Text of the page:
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Start Up to Develop Nanotech Therapy for Artery Disease

Fluorescent nanoparticles on an arterial wall (Vascular Magnetics Inc.)

Fluorescent nanoparticles on an arterial wall (Vascular Magnetics Inc.)

Vascular Magnetics Inc. in Philadelphia, Pennsylvania has licensed technology from Children’s Hospital of Philadelphia to develop treatments for peripheral artery disease (PAD). The company is the hospital’s first commercial spin-off and co-founded by Robert Levy, who conducted the basic research behind the technology.

Peripheral arterial disease occurs when plaque builds up in the arteries that carry blood to the head, organs, and limbs. Plaque is made up of fat, cholesterol, calcium, fibrous tissue, and other substances in the blood.

This condition hardens and narrows the arteries, and limits the flow of oxygen-rich blood to organs and other parts of the body. PAD usually affects the arteries in the legs, but can also affect the arteries that carry blood from the heart to the head, arms, kidneys, and stomach.

Levy and his colleagues investigated a new approach to conventional stent-based therapy, using nanoscale particles — one nanometer equals one billionth of a meter — made from a biodegradable polymer impregnated with iron oxide. Under a low-power, uniform magnetic field, much lower than that produced by existing MRI machines, magnetic forces drive the nanoparticles into metal stents and the surrounding artery. In research on animals, the nanoparticles carry a therapeutic payload of the drug paclitaxel, which is released into the surrounding blood vessel tissue in order to slow arterial re-blockage.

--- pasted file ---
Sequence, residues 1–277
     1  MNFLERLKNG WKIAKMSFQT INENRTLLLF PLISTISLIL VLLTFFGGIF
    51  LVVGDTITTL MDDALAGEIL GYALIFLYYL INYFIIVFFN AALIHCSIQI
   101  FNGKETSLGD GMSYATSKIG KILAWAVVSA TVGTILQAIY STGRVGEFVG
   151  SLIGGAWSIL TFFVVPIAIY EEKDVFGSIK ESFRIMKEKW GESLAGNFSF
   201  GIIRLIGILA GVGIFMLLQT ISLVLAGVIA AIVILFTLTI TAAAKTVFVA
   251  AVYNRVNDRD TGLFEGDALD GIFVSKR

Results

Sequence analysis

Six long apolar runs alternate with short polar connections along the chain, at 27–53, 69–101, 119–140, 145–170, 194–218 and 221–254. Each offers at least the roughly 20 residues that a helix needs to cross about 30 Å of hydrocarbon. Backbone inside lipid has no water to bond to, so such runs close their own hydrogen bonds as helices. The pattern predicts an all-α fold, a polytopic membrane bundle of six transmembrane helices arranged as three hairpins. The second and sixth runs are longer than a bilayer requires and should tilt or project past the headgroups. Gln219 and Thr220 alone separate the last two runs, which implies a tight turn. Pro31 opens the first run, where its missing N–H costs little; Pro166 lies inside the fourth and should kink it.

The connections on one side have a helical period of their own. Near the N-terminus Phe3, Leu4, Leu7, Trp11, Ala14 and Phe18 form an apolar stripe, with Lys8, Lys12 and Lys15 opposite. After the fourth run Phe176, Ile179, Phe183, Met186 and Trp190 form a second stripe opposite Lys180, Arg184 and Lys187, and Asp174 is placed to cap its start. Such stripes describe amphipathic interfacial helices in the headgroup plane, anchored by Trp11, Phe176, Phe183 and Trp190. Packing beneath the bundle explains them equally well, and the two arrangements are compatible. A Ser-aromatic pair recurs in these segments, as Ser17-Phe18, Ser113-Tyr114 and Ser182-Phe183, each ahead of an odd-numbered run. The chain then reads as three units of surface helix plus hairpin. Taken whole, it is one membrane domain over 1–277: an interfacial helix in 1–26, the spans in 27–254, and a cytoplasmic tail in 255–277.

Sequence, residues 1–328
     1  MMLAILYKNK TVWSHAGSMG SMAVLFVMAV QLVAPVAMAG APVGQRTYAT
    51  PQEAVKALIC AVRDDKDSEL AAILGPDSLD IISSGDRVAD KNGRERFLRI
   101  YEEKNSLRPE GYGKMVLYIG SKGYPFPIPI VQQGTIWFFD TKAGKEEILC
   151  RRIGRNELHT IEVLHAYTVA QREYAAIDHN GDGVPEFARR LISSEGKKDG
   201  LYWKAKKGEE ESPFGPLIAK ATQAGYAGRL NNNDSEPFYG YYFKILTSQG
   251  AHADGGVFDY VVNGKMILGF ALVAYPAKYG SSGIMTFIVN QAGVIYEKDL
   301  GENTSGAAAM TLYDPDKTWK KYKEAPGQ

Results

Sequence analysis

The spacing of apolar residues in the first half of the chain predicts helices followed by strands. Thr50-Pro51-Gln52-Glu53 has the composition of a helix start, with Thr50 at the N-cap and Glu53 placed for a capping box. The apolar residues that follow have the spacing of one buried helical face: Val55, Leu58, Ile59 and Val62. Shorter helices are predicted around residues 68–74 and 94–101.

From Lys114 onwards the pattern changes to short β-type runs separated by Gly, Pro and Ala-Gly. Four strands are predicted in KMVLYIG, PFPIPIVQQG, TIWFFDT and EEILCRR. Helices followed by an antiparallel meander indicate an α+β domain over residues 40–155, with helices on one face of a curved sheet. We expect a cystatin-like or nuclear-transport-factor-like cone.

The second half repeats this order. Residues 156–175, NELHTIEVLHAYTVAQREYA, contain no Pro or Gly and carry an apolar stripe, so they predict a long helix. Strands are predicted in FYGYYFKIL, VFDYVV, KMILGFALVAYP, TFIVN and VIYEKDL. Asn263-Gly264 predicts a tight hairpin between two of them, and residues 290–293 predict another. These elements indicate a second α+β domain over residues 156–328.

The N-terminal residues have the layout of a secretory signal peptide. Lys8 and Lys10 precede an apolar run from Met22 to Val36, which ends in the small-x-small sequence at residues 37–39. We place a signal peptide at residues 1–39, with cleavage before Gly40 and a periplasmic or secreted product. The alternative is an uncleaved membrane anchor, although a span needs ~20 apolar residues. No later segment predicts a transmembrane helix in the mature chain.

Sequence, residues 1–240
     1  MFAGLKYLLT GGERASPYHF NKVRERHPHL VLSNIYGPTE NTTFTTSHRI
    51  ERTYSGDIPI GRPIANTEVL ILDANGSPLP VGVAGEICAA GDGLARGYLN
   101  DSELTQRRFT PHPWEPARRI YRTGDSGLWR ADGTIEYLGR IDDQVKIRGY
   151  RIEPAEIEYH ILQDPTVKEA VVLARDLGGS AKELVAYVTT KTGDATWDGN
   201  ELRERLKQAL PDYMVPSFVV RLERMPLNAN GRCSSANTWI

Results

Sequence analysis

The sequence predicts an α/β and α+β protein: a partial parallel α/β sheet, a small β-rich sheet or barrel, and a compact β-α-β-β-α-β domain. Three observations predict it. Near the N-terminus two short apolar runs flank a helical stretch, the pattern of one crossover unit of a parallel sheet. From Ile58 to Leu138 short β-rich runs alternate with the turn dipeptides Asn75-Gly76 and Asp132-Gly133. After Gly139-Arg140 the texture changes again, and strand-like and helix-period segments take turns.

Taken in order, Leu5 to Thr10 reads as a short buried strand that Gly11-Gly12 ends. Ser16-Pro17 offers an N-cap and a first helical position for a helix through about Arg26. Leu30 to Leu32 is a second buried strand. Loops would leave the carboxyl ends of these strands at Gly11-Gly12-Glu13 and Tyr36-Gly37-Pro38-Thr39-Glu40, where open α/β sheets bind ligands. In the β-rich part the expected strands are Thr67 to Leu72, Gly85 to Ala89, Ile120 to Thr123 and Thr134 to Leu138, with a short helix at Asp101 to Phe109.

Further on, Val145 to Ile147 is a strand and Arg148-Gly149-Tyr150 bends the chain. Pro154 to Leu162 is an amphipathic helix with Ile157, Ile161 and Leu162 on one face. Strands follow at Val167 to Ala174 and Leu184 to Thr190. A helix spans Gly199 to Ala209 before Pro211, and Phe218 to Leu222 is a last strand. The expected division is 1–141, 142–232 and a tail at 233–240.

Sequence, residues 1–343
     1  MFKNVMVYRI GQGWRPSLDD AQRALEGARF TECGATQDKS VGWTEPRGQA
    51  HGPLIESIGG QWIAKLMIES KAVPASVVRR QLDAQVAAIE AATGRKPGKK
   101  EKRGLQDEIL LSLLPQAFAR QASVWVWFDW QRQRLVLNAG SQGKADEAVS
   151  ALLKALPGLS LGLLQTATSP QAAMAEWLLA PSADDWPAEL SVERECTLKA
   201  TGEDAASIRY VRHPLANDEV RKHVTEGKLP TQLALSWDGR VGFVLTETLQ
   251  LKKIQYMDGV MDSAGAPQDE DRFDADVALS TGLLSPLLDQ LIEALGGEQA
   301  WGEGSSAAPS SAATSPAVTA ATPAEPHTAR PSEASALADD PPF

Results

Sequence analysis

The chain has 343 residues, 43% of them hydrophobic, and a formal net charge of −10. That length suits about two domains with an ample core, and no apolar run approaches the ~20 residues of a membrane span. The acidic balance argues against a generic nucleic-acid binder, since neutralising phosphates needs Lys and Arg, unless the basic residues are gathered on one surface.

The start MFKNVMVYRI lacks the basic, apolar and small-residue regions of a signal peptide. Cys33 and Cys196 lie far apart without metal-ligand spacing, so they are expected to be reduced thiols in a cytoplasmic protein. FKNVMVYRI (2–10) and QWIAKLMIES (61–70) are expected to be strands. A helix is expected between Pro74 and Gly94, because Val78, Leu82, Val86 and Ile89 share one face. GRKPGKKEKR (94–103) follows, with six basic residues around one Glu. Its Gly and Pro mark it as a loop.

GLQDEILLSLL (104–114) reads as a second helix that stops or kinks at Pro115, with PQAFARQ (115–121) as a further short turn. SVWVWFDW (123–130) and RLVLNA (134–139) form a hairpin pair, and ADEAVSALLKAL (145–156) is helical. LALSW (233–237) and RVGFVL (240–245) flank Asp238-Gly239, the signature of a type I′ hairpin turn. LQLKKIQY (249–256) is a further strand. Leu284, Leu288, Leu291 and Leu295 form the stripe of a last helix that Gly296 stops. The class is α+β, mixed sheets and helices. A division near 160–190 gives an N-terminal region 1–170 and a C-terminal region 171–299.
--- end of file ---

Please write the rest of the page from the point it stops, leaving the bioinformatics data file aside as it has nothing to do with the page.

Levy and company CEO Richard Woodward plan to develop a therapy they call vascular magnetic intervention which would serve as a supplement to the current approach of artery stenting. A physician would open and stent the blocked artery and then insert a catheter tipped with an expandable magnetic targeting device. The targeting device would be expanded against the walls of the artery.

In the next stage of the therapy, a magnetic field is applied to the leg, and paclitaxel-containing magnetic nanoparticles would be administered through the catheter, with the targeting device would force the nanoparticles into the wall of the artery. After treatment and removal of the catheter, the wall of the artery would be uniformly coated with the nanoparticles, which slowly biodegrade and release the drug.

The uniform coating provides a higher dose of drug than is achievable with a drug-eluting stent. The technique could also be used to re-treat arteries where the stents have become re-blocked.

Woodward and Levy first joined forces through the QED Proof-of-Concept Program sponsored by the University City Science Center in Philadelphia. The QED Program aims to accelerate research with high commercial potential from academic laboratories into the marketplace. Children’s Hospital of Philadelphia is a participant in the program.

Read more: Life Sciences Incubator Gets Grant for Proof-of-Concept Fund

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